The start or end of daylight savings is the perfect time to carry out some saftey checks which I will talk about in my tip corner. But first my boys will share their favourite products for April!
PRODUCTS OF THE MONTH
Cillian – BazzleBaby Clip
Mummy has found a great new product that means no more tears over lost comforters or Sophie the Giraffe!
Mummy attaches the ‘BazzleBaby clip’ to my buggy and the other end to either my Sophie the Giraffe, if it is my awake time, or to the foot of my puppy comforter if it is my sleep time while we are out about. (Mummy never uses the clip in my cot as this which would not be safe). So if I drop one out of the buggy and Mummy doesn’t notice they won’t get lost!
Another great use is in the car. I often drop my comforter in the car and Mummy used to have to pull over to the side of the road so she could give it back to me. But with the BazzleBaby Clip Mummy can attach it to the carseat harness and I can reach my comforter or Sophie if I drop them.
Darragh – Big Boy Bedding
Some of you may not know that I now sleep in a big boy bed. I love sleeping in my big boy bed and snuggling under my BAMBI bedding, which keeps me nice and warm. To protect my mattress from accidents Mummy uses the BAMBI 100% cotton mattress protector, which comes in cot, single and king single bed sizes.
On my big boy bed I also have the BAMBI Cottina 100% cotton Quilt/Duvet and now that it is getting a little chilly at night I also have the BAMBI 100% cotton Cottina single bed blanket.
When it’s time to turn the clock forward or back for daylight savings it’s a timely reminder to perform some important saftey checks.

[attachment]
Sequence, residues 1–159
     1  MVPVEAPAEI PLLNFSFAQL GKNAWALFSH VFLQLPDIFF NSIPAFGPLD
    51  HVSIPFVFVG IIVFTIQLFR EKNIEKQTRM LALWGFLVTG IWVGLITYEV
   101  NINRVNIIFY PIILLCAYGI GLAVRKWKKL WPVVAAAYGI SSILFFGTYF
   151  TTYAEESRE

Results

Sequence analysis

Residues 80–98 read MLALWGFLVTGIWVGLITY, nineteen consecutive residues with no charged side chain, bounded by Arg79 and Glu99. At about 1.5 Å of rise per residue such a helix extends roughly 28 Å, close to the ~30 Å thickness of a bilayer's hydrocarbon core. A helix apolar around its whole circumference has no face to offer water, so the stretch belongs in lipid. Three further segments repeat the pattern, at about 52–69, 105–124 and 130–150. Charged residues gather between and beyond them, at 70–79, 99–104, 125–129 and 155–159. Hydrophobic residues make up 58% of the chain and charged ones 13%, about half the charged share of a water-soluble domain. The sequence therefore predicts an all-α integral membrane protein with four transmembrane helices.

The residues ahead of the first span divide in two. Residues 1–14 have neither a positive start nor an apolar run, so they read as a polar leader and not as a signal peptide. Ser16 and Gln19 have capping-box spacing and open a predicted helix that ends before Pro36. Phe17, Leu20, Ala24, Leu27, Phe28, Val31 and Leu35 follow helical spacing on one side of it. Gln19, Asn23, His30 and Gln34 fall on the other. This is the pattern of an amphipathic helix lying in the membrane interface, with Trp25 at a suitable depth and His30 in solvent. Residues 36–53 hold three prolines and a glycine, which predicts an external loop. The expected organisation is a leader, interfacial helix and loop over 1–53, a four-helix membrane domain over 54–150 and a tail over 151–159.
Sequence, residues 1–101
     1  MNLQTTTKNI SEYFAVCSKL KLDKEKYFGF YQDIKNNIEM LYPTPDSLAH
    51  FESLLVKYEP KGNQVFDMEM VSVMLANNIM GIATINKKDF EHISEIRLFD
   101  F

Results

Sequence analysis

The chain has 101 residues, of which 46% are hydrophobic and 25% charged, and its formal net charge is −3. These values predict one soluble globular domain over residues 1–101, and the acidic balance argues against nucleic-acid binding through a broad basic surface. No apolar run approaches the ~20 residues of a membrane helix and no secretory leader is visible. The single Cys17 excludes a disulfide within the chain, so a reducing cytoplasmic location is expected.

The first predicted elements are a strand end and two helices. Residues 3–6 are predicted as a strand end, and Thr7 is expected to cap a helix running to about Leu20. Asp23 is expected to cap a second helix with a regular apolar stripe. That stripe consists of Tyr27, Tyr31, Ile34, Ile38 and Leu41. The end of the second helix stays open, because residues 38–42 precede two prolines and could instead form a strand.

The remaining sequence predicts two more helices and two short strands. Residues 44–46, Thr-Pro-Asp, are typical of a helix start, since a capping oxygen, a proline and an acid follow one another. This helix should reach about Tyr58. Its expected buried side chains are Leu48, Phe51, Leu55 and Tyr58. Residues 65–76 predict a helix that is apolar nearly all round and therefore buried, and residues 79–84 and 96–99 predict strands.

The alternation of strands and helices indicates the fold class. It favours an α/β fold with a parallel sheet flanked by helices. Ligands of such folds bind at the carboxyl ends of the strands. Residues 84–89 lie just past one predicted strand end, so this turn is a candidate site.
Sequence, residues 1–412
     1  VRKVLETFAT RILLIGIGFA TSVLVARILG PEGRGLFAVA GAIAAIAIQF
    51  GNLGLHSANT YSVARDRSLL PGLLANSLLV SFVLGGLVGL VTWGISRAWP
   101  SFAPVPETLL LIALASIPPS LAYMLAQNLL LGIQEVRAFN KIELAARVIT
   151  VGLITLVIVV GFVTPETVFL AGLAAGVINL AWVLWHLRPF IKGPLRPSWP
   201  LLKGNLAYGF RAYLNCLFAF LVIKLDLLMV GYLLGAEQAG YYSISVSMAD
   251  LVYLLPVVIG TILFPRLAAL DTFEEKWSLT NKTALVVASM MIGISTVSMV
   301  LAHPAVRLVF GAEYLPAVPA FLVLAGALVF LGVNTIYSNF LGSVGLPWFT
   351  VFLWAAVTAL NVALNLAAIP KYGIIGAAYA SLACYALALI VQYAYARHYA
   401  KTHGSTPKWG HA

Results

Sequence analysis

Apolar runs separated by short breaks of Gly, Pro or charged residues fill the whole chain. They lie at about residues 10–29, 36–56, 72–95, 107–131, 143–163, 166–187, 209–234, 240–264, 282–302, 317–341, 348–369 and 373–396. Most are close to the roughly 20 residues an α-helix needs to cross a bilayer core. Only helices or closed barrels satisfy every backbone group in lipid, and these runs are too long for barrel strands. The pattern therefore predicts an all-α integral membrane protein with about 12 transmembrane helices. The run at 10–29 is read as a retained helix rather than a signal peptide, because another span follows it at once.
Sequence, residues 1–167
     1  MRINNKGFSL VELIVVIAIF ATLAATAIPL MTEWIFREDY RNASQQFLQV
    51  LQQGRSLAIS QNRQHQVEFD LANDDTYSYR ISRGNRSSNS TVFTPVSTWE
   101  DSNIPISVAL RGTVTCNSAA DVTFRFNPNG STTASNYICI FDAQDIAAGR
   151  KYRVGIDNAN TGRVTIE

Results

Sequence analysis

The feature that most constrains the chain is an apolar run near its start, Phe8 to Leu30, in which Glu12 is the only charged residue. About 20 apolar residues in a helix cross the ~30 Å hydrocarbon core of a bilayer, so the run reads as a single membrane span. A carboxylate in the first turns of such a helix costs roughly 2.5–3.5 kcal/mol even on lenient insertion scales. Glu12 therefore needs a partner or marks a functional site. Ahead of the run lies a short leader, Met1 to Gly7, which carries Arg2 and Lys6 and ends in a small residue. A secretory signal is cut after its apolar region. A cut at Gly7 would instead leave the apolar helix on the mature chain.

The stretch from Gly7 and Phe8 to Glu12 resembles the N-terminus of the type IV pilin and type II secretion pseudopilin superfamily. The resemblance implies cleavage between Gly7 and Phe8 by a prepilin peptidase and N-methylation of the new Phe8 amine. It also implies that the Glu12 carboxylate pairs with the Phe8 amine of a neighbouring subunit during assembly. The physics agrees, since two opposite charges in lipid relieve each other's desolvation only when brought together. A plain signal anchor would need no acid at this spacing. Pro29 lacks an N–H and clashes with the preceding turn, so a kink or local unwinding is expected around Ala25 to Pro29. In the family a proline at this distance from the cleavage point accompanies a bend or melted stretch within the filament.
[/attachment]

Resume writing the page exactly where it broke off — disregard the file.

1. Smoke Detector Batteries
Change all batteries in your smoke detectors. Even if you have the recommended hard wired detectors remember they have a battery back up so you need to replace the battery to ensure the smoke alarm will work if the electricity is off.
2. Child Restraints
Have you checked the restraints on your child’s car seat? Children are growing all the time and it is important to check they still fit into their car seat correctly. Please see these important tips from RACV (Royal Automovile Club Victoria):
Approximately 70% of child restraints are not installed correctly. A child restraint that is not fitted properly could result in serious injury or even death in a crash. It is strongly recommended that new restraints are professionally fitted by a trained child restraint fitter, so that parents can be shown how to fit the restraint correctly.
Child car seats with side wings offer more protection in the event of a crash.
Check the seat belt (and tether strap if in Australia) are taut and firm every time the restraint is used. A good guide is to make sure you cannot pinch a fold in the chest straps. Ensure there is no slack and no twists in either the tether strap or the harness straps.
Adjust the car seat harness straps as a child grows, which includes moving the shoulder straps so they are above or level with the child’s shoulders.
If a child car seat is to be used in a position where there is an airbag, check the car owner’s manual for advice.
If in Australia do not place a child restraint in the front seat of a vehicle.
Source: RACV Road Safety and Child Restraints Website.